Who do you become when you have nothing left to lose? There is something Poe Blythe, the seventeen-year-old captain of the Outpost's last mining ship, wants far more than the gold they tear from the Serpentine River. Revenge.
Poe has vowed to annihilate the river raiders who robbed her of everything two years ago. But as she navigates the treacherous waters of the Serpentine and realizes there might be a traitor among her crew, she must also reckon with who she has become, who she wants to be, and the ways love can change and shape you. Even - and especially - when you think all is lost.
Ally Condie is a former high school English teacher who lives with her husband, three sons and one daughter outside of Salt Lake City, Utah. She loves reading, running, eating, and listening to her husband play guitar.
i love a story based on revenge. i also love a story with a nautical theme. but, unfortunately, i did not love this.
i just found this to be lacking in several areas. the world building is missing, the character development is lazy, theres very little foundation for the ‘romance,’ and there is no supportive purpose or motivation for the plot.
im going to be VERY generous and round up because i do like the concept in theory and im obsessed with the cover. but the execution just leaves soooo much (basically everything, tbh) to be desired.
I really ended up enjoying this book. I went into this book without a whole lot of expectations. I think that I might have read one of the author's earlier books years ago but don't remember a whole lot about it. The premise sounded really interesting so I was excited to give the story a try and was surprised by how quickly I was hooked by this adventurous tale. I thought that this was just a whole lot of fun.
Most of this book takes place on a ship used to dredge the river for gold. The book opens on Poe's first voyage where things take a horrible turn and the man she loves is killed. Poe is determined to make sure that nothing like that can ever happen again and designs armor that will cover the ships for all future voyages.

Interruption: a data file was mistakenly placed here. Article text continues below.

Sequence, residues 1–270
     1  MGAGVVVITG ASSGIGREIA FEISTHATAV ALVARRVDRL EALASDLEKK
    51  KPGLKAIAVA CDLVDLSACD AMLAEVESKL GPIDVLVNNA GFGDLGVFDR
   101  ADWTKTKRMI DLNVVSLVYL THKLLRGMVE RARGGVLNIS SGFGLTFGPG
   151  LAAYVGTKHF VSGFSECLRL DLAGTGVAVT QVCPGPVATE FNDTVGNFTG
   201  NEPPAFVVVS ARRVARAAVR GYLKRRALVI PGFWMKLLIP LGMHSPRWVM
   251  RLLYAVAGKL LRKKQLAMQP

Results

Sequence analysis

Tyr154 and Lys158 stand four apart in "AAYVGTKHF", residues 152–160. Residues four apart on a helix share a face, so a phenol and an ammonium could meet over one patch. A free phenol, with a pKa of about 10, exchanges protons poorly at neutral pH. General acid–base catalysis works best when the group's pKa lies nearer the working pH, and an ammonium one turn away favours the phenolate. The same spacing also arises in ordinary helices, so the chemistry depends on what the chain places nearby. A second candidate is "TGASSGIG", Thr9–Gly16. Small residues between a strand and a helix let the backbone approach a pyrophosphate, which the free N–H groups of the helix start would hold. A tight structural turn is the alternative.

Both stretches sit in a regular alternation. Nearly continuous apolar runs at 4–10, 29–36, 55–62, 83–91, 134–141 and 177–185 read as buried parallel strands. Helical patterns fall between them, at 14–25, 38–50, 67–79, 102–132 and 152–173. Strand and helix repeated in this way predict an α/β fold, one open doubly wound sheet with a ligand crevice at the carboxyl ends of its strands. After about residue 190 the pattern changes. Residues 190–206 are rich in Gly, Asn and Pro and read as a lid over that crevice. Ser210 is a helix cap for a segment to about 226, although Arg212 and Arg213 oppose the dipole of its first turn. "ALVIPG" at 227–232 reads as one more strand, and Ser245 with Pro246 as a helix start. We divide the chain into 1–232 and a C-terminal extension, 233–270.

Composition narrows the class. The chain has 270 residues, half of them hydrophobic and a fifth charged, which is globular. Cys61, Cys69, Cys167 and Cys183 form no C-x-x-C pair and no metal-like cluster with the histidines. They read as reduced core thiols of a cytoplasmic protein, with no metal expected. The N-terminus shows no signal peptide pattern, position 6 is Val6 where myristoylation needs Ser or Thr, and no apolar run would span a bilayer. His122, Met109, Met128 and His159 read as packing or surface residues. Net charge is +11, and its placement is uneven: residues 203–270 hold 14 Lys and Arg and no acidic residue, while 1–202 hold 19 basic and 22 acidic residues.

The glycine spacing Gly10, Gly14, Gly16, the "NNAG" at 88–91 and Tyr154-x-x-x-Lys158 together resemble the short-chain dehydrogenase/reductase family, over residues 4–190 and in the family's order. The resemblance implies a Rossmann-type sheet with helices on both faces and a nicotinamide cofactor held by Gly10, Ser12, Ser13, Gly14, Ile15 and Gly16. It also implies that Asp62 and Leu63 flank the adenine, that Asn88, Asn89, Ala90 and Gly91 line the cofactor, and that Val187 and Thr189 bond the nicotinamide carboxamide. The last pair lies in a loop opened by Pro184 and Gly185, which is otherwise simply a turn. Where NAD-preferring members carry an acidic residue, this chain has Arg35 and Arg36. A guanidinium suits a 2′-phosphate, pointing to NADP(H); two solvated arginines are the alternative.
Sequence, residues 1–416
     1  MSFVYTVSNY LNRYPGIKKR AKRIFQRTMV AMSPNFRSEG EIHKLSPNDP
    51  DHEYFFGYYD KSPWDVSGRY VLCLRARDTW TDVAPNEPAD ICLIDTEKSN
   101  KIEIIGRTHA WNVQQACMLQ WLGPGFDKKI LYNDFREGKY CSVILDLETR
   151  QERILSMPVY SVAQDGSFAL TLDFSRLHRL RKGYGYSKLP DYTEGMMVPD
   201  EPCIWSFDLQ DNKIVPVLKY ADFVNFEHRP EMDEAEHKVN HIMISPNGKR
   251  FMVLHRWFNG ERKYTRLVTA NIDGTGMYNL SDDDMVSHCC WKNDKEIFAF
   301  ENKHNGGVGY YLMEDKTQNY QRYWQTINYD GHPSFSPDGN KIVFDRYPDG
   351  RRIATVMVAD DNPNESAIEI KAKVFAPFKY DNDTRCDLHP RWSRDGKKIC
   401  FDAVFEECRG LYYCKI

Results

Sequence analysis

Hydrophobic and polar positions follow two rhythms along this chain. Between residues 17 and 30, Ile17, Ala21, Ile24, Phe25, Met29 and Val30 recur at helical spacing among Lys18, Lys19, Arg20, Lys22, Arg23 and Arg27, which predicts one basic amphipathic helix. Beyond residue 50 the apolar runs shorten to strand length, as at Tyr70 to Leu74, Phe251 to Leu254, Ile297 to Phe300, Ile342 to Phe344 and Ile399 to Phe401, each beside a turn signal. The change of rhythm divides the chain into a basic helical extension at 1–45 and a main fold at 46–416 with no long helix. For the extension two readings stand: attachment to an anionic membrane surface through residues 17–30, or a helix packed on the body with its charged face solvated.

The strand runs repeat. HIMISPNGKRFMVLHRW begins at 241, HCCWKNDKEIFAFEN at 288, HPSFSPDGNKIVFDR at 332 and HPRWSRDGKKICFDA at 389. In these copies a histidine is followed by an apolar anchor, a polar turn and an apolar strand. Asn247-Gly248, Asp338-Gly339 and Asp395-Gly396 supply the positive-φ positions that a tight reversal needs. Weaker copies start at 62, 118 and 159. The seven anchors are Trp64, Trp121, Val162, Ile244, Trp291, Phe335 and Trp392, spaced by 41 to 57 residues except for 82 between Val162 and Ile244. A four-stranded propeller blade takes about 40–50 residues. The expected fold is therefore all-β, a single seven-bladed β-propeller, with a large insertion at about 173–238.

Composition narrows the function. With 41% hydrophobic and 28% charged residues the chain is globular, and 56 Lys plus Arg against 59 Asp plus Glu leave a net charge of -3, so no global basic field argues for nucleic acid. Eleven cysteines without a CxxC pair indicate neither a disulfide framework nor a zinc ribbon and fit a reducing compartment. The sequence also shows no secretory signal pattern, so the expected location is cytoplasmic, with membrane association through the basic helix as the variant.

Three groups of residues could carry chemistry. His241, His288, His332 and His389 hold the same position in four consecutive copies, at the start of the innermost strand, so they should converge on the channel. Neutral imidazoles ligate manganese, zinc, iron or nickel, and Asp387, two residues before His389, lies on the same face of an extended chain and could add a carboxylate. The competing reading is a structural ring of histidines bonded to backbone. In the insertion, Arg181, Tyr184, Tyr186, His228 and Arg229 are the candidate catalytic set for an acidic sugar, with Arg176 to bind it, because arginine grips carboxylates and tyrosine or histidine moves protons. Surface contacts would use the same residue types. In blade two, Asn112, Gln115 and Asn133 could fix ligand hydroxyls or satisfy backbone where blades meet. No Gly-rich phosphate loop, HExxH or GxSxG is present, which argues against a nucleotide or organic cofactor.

Poe is put in command of the newest voyage which is the first time she has been out since tragedy struck. It was really interesting to be in Poe's head as she worked to establish her position of leadership while being unsure if all of the members of her crew are trustworthy. When things go wrong, she becomes even more suspicious of the others working on the ship.
I loved the fact that this book had plenty of action. There are some fairly violent scenes that had me holding my breath and worrying about the characters. Poe had a hard time trying to figure out who could be trusted and which crew members had their own agenda. I liked that Poe became a true leader because of her actions and that she was willing to take stand even if it came with a lot of risks. Poe was a great character and I thought that the key secondary characters were very well done.
I would recommend this book to others. I found this book to be very well done with an interesting world, great characters, and an adventurous story. While I thought that this book stood perfectly fine on its own, I do think that there could be a possibility of future books featuring this world or group of characters in the future. I look forward to reading more from this author in the future.
I received a review copy of this book from Dutton Books for Young Readers via Bookish First.
Initial Thoughts I really liked this book. It was different which I liked and I thought that the world it was set in was pretty unique. I liked Poe and understood why she had a hard time trusting others but appreciated the fact that she was willing to listen. There was plenty of excitement that kept the pages turning.
2,5* - this had a lot of potential, the premise was very interesting. Unfortunately I had absolutely zero connection to the characters which lead to me not caring about what was happening most of the time.